Keeping Up with the Times

Becoming and remaining modern requires us to do many things. It requires us to keep on learning all the new technologies that are being constantly invented. It requires us to do everything more quickly. It also means adopting a modern lifestyle. In what ways is a modern lifestyle different from a ‘traditional’ way of life? While we are frequently reminded of the benefits of modernity, not many people ask about its disadvantages.

Modernity and Humanity

The new way of life includes new concepts, technologies, customs and a new language. Scientific thinking and the technologies made possible by modern science have had a profound effect on how we think, and how we relate to people. In order to make progress, science has separated itself from morality. It is clear that progress has made us more modern. But has progress made us more humane?

Where does Tradition End and Modernity Begin?

It is difficult to generalize about something as broad and varied as ‘tradition.’ But this argument can be made about many, if not all generalizations. Every experience is unique. It can therefore never be placed in any single category along with any other experience. This means, however, that we cannot generalize about anything – period.

But if we cannot generalize, we cannot hope to gain understanding and knowledge. All knowledge is expressed in a generalization of one kind or another. To say that we cannot generalize, therefore, is tantamount to saying that we have to give up the quest for all understanding and knowledge.

The Difference­

Traditional communities differ from modern communities, among other things, in that they provide a stronger sense of belonging to its members. The ties that bind modern communities appear to be loose. The difference between a traditional community and a modern one can be seen in the difference between the old-fashioned, extended family on the one hand, and the specifically modern, fragmented family on the other.

Traditional ways of life are rooted in established customs, morals and religion. Heritage is the equivalent of a moral and spiritual home. A person who is willing to abandon his heritage runs the risk of leaving his spiritual home, of becoming spiritually homeless and rootless. Modern man displays a cavalier attitude to heritage and an openness to everything new. The modern outlook is rooted in the conviction that individuals can find their way through life as they go along without the assistance of tradition, including religion.

Tradition places an emphasis on following established, customary ways. The new ways of life are characterized by a willingness to experiment. The modern person likes to try new things, including new lifestyles. Experimentation as such is a part of the legacy of the scientific revolution.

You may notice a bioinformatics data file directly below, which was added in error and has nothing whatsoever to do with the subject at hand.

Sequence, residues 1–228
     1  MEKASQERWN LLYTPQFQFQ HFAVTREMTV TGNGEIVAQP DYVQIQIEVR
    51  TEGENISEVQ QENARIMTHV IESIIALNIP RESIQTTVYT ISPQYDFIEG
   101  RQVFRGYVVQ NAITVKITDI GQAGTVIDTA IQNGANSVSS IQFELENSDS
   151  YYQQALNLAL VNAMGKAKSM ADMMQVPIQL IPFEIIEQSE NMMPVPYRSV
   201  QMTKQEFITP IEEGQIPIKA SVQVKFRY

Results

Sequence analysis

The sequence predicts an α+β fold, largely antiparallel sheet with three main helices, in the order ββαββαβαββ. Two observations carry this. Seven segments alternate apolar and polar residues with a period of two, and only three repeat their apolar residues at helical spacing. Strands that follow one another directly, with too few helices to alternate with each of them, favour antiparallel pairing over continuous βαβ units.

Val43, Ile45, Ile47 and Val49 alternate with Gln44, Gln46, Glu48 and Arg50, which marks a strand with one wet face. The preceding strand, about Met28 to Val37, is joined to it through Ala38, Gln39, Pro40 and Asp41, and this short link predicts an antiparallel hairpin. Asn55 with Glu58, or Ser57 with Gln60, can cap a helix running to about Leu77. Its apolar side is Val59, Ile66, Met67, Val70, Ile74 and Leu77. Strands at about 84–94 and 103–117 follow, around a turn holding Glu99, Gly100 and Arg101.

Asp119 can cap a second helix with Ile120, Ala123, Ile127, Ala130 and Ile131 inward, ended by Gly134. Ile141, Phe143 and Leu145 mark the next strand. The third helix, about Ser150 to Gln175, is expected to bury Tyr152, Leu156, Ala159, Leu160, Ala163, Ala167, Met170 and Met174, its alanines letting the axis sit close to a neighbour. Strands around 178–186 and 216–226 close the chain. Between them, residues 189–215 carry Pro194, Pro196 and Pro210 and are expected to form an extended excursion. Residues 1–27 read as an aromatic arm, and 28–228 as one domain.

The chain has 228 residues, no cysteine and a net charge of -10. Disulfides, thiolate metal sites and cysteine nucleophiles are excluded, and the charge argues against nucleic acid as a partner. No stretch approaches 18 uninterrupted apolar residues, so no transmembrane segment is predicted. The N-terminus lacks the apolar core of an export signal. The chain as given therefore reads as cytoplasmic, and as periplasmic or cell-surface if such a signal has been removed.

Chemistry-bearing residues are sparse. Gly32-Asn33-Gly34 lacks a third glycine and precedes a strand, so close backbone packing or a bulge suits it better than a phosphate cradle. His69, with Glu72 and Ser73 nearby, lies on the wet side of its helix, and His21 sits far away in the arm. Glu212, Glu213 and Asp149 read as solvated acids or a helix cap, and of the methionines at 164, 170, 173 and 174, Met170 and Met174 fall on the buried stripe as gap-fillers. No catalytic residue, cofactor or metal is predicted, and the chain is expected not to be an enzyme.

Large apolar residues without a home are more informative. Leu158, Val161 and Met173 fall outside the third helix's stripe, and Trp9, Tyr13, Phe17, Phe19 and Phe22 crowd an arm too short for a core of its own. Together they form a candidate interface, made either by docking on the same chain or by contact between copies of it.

Traditional ways encourage community living. Harmony among members of the traditional societies is very important. Modern persons tend to think of themselves first as individuals and only secondly as members of communities. Formerly, people put a great deal of emphasis on duties. Today we talk mostly about rights and individual self-fulfillment.

The modern person rebels from time to time, possibly because he or she feels enslaved or restricted by something, not the least of which are traditional ways of thinking and living.

Traditional communities place a high degree of emphasis on harmony and consensus. Quarrels are rare in traditional societies. The modern way of interaction is characterized by much confrontation. Lawyers thrive in modern states, while they are practically unheard of in traditional communities.

In traditional communities respecting one’s parents is very important. This is true of a traditional community in any part of the world. In modern societies, parents are not respected nearly as much as they are respected in traditional communities. Some parents may be acting in ways that could be seen as less than respectable.

Religion constitutes the most important part of tradition. Religion calls our attention to God. It advises us to remember God, and to think of Him in the course of our daily life. Religion advises us to pay attention to the teaching of the prophets, and to practice righteousness. Modernity has changed our attitude to religion. It appears to have required becoming religious in a modern way.

Tradition and Language

In order to gain acceptance for new ideas, their proponents feel obliged to discredit the teachings and practices of the past. The language of tradition has been and is being challenged in many ways and from many sources. Traditional language, according to its critics, reflects an outdated understanding of man and his place in the scheme of things. Traditional language, for example, has been accused of being ‘dualistic,’ because it reflects the view that ideas and experiences have opposites.


Author: Abdul Karim Abdullah

Writer and editor

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